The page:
Are your Affairs in Order (Part two)

An elderly gentleman had serious hearing problems for a number of years. He went to the doctor and the doctor was able to have him fitted for a set of hearing aids that allowed the gentleman to hear 100 %.

The elderly gentleman went back in a month to the doctor and the doctor said: “Your hearing is perfect. Your family must be really pleased that you can hear again.”

The gentleman replied, “Oh, I haven’t told my family yet. I just sit around and listen to their conversations. I’ve changed my will three times!” (

Ah… the wisdom that comes with old age. 🙂

Death is not the most comfortable subject there is to talk about. I have a bit of a background in law, and one of the subjects that I particularly enjoyed was Wills. It was then that I was introduced to the ‘spinnekoppe’ of intestate law (when you pass away without a will.) It could get very interesting and VERY complicated. That is why it is so very important to make a will while you still can.

Before I attended Shirley Tascone from SBT Legal’s seminar on wills I asked her permission to share on my blog what I learnt from her presentation. She was also kind enough to provide the attendees with her powerpoint presentation, and I will use that as a guideline.

Please know that this is just information about legal issues concerning a will, this is not a substitute for legal advice.

There are legal terms that you have to understand. They are –

  • Real property and personal property;
  • Joint tenants and Tenants in Common;
  • Executor;
  • Superannuation and Death Benefit Nomination,

Real Property is immovable property, e.g. house.

Personal Property is movable propery, e.g. money, stocks, vehicles etc.

Joint Tenants are when you own property jointly with someone else. This is usually your spouse, but may be other family members or friends. In the event of death the surviving joint owner automatically inherits the property, whether movable or immovable. This is regardless what is stipulated in the will.

Tenants in Common is when you own the property in percentages. You as an owner can do anything with your portion of the property. The surviving co-owner does not automatically inherit your portion. You have to state in your will who you want your percentage of the property to go to.

What is an executor? It is the person you nominate to deal with your estate according to the terms of your will. As mentioned in the previous post, it is important that your Executor is in the same country as you are. Your executor must be someone you trust and it is advisable to also nominate a ‘back up’ executor. Note of caution, to be an executor of an estate can be an overwhelming experience especially to some one who does not feel comfortable with the administrative side of things. Think carefully about your nomination.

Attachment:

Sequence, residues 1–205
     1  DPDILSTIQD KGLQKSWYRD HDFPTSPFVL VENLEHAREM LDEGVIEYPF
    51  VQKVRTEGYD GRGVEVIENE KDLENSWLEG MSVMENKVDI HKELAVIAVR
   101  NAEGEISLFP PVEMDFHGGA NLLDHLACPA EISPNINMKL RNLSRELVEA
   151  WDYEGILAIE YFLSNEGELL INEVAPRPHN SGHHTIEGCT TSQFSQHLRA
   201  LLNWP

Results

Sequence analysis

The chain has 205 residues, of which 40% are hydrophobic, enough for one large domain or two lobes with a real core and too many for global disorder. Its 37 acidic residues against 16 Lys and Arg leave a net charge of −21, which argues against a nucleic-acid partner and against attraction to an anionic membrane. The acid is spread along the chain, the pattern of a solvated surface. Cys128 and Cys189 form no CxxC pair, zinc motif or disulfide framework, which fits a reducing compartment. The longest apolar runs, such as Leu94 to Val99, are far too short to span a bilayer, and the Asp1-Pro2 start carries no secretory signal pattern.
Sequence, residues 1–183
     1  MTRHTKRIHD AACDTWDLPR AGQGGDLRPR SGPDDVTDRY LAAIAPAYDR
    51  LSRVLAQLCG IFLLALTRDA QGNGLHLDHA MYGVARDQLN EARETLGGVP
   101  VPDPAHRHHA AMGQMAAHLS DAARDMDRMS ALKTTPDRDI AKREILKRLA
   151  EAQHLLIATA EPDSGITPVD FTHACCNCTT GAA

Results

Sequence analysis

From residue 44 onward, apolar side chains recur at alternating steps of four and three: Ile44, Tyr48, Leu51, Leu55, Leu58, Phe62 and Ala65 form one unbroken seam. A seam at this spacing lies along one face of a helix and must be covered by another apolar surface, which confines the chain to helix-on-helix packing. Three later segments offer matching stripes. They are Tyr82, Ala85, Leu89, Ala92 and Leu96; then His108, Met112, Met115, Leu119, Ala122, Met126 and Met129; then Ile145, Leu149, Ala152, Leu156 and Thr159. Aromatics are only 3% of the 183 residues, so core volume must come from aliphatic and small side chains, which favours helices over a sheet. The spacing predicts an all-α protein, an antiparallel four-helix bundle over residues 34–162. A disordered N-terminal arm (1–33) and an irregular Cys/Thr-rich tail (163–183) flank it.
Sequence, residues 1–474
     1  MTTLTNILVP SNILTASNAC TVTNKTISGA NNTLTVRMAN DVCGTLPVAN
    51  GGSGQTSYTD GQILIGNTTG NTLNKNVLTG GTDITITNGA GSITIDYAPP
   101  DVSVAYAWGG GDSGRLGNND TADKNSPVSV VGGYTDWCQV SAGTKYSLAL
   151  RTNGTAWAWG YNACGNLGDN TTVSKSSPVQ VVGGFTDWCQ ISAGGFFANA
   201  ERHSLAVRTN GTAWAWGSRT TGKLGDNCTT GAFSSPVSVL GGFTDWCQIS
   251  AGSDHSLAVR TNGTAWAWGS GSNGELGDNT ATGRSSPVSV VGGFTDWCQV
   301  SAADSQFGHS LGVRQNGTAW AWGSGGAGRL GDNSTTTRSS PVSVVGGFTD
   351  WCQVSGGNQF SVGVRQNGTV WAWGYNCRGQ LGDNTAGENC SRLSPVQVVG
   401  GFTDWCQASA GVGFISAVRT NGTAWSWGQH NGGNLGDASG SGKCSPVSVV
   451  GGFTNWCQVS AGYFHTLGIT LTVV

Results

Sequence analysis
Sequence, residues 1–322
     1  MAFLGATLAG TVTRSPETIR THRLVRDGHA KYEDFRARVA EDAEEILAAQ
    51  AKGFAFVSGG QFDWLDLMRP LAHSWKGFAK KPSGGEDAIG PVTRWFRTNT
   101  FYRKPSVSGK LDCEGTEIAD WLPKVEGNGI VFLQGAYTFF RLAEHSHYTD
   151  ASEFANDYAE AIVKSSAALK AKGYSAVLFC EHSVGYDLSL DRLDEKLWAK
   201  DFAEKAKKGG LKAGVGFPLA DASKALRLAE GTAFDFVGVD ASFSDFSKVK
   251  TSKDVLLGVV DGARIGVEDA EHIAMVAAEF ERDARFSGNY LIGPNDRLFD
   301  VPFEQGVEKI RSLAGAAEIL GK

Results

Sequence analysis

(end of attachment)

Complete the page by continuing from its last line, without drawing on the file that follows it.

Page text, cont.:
The next point is something that many people are not aware of and it comes as quite a surprise to them. Your superannuation is not part of your estate and is distributed according to the terms of your Super Fund or if you have a Death Benefit Nomination form. YOUR DEATH BENEFIT NOMINATION IS USUALLY ONLY VALID FOR THREE YEARS AND YOU HAVE TO INFORM THEM EVERY THREE YEARS IF YOU WOULD LIKE TO KEEP IT THE SAME OF CHANGE IT.
You Super can only go to your spouse or children or both or anyone that is financially dependent on you.

These are the main terms that you have to understand when it comes to wills in Australia.

Another situation that arises more and more these days is the one of blended families. Especially where there are children from a previous relationship. If you do not have a will that stipulates what you want to go to whom, it may happen that the children from a previous relationship is left with nothing.

Dear Migrant to the Great South Land,

I was once again amazed today by the sheer determination and resilience that we as migrants display when arriving in Australia. Many arrive here without a job and just the suitcases that they carry with them. They are in survival mode when they step off that plane, death is not even an option! It is however not something you can tell to come back later, when you have finished living.

Plan your will, the same way you planned for this adventure. Have a valid and up to date South African Will (if you still have property there) and make sure that you get a valid and up to date will in Australia.

I leave you with this beautiful Irish blessing.

May you live a long life
Full of gladness and health,
With a pocket full of gold
As the least of your wealth.
May the dreams you hold dearest,
Be those which come true,
The kindness you spread,
Keep returning to you.


4 thoughts on “Are your Affairs in Order (Part two)

  1. Pingback: Are your Affairs in Order? (Part one of why an Australian will is important for South African Migrants) | Marlize Venter

    • Please do, we procrastinated a bit, because I had to really think about the question – but what about our kids? We do not have family here and even though we have friends who are almost like family, blood just do run thicker in these kind of circumstances. I homeschool my kids, and all those things had to be taken into account. I did not ejoy thinking about it at all, and could literally not sleep at night.
      All the best.


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